Over the course of human history, numerous species of plants, animals, and other organisms have been taken from their original habitats and introduced (either intentionally or accidentally) to other parts of the world. Some of those introduced species become "invasives" in their new home, partly due to the lack of natural enemies. But while many invasive species get a brief moment of respite from their old adversaries, the local parasite and predators quickly catch on that the new arrival could be added to their menus too. This was the case for a species of spider that has been introduced to Brazil, where it ended up attracting the attention of a mind-controlling wasp.
|Left top: Hymenoepimecis bicolor larva on a spider host, Left bottom: Developing H. bicolor cocoon in a cocoon web,
Right: an adult H. bicolor wasp.
Photo of H. bicolor larva from Fig. 2 of this paper, Photos of cocoon and adult H. bicolor from Fig. 7 and 9 of this paper
Hymenoepimecis bicolor is a species of parasitoid wasp that belongs to a subfamily of wasps called Pimplinae. All the members of that subfamily are a spider's worst nightmares. These wasps specialise in attacking spiders at every stage of their lives - some species go after the unhatched eggs in silk sacs, while others tackle fully-grown adult spiders. Not only that, some of them are also masterful mind manipulators that induce their host spider into spinning a special web called a "cocoon web" that secures the wasp's developing cocoon. And Hymenoepimecis bicolor just happens to be one such manipulator.
Among the pimpline wasps, each species have their own host preferences and in the case of H. bicolor, one of its usual hosts is the golden silk orb-weaver (Trichonephila clavipes), a spider which is native to Brazil. When a female H. bicolor spots a potential host, she flies in and grapples with it, immobilising the spider by stabbing it in the mouth with her ovipositor, before checking it for other wasp eggs, and then planting one of her own. The thing about the golden silk orb-weaver is that while the juvenile spiders are relatively easy for H. bicolor to handle, once the spiders reach adulthood, they become more dangerous for the wasp to tackle.
Nevertheless, limited host availability means that the wasp sometimes need to go after the bigger spiders anyway, with demand being so high that some spiders end up being parasitised by two wasp larvae at the same time. But the arrival of the tropical tent-web spider (Cyrtophora citricola) has provided H. bicolor with some new options.
The tropical tent-web spider has spread to many parts of the world by hitchhiking in shipments of fruit, potted plants, or packing material, and it has made its way to South America about three decades ago. And it just so happens that their size and habits place them firmly in the sight of H. bicolor. Not only is the tent-web spider in the preferred size range for H. bicolor to parasitise, much like the native orb-weavers, this introduced spider constructs open webs that leave them exposed to attacks. Researchers found that the H. bicolor larvae are able to successfully parasitise the tent-web spider just as well as the native spiders.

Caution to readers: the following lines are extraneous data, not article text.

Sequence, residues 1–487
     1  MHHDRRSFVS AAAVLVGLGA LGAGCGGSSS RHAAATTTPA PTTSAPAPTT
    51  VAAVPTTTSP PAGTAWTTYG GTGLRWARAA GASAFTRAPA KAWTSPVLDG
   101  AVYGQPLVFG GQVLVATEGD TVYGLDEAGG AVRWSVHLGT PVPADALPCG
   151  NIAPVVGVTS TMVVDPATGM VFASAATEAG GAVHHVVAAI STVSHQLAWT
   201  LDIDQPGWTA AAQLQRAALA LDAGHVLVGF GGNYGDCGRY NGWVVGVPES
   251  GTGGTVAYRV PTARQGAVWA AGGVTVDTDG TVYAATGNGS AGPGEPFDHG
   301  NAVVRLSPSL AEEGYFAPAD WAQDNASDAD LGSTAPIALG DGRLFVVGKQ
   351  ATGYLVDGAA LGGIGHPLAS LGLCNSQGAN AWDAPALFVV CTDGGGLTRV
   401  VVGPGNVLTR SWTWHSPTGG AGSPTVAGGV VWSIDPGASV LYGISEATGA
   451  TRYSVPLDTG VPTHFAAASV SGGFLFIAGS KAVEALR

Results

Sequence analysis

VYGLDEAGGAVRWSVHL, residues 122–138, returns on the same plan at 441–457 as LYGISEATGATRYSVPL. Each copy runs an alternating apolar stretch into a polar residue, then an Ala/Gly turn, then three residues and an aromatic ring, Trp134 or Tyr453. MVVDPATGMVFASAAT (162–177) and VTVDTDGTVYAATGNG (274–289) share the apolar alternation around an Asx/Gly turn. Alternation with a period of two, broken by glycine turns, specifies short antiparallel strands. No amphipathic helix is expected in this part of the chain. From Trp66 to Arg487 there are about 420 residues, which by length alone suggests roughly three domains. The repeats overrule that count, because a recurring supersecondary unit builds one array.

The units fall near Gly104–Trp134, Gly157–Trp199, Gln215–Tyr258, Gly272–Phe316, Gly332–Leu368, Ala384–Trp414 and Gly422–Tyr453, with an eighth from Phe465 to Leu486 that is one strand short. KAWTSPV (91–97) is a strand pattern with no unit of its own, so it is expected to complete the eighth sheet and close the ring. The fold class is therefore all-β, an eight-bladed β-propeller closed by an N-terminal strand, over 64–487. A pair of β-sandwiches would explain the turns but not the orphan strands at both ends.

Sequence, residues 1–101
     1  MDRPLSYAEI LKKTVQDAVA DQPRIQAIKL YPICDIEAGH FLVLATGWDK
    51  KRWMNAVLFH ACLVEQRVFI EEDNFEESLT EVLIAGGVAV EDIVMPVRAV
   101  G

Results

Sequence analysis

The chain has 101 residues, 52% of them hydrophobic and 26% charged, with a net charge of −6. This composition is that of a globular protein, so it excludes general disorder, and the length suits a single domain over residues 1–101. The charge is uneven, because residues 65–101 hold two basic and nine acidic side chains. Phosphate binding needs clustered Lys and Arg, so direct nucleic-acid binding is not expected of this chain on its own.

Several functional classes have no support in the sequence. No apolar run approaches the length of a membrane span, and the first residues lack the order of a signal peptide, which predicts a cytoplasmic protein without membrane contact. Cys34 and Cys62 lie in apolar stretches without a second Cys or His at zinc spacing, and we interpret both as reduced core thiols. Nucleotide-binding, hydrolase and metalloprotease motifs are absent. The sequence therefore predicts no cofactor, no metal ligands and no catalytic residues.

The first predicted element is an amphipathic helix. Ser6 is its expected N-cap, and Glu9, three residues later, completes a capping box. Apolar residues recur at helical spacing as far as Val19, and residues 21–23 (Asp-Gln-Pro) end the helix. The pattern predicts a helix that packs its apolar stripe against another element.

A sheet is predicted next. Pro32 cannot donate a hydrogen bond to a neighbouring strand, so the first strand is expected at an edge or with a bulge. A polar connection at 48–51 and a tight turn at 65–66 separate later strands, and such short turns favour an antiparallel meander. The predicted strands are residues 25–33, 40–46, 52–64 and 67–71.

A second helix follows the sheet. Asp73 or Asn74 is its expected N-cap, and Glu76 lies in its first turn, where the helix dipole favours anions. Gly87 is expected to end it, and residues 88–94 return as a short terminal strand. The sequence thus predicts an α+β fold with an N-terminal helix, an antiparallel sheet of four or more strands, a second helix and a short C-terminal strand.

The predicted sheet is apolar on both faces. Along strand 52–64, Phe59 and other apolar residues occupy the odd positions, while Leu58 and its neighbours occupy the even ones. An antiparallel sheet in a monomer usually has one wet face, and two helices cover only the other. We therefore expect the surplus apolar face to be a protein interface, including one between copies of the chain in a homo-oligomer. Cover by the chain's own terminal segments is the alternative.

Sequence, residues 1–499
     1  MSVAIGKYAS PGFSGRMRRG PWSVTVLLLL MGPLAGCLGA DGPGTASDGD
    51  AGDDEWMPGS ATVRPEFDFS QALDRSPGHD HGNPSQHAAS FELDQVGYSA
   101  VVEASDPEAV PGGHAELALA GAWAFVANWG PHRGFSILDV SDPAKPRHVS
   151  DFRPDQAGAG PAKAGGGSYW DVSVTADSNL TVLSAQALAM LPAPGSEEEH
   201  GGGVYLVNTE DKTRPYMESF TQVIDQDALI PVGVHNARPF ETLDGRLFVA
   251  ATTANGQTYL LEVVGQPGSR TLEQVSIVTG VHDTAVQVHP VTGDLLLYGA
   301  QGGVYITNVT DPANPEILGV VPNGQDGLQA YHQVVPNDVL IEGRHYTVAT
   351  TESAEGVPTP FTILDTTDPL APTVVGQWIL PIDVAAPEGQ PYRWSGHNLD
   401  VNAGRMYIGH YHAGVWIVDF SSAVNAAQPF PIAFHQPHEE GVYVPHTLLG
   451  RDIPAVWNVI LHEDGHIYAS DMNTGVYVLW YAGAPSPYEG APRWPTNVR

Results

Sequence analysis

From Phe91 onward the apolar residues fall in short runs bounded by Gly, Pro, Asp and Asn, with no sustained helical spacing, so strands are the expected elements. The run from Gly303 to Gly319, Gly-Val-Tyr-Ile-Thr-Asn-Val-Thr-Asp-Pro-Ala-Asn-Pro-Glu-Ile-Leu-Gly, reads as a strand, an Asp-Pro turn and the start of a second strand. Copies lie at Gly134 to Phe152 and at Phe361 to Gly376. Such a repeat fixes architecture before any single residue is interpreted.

While H. bicolor larvae grow well and pupate as usual on the tent-web spiders, it seems that they haven't yet achieved complete mastery over this new-fangled host. As mentioned earlier, when these wasps are ready to pupate, they commandeer their spider hosts to weave a special "cocoon web" that suspends the developing wasp cocoon in mid-air. This makes the cocoon less accessible to any would-be predators or hyperparasitoids. Hymenoepimecis bicolor embellish that with an added layer of security, by inducing the spider to also build a series "barrier threads" around the cocoon that further bar entry, as well as making the web more stable
This is where the introduced spider host falls short. While the parasitised tent-web spider is able to produce the usual cocoon web with the necessary structure to support and suspend the developing cocoon, it lacks the finishing touches of those additional barrier threads. Ironically, compared with the spiders that H. bicolor usually targets, the regular webs made by the tent-web spider actually needs less modification to make it suitable for the wasp's cocoon.
Based on what's known about these wasps, when it is ready to pupate, the wasp larva produces a cocktail of chemicals that place the spider under its spell. But in this case, it looks like that cocktail formula needs a bit of tweaking to work its full magic on the introduced tent-web spider. While not perfect, it serves its purpose well enough, and the introduction of this spider has allowed a parasitoid wasp to expand its host horizons.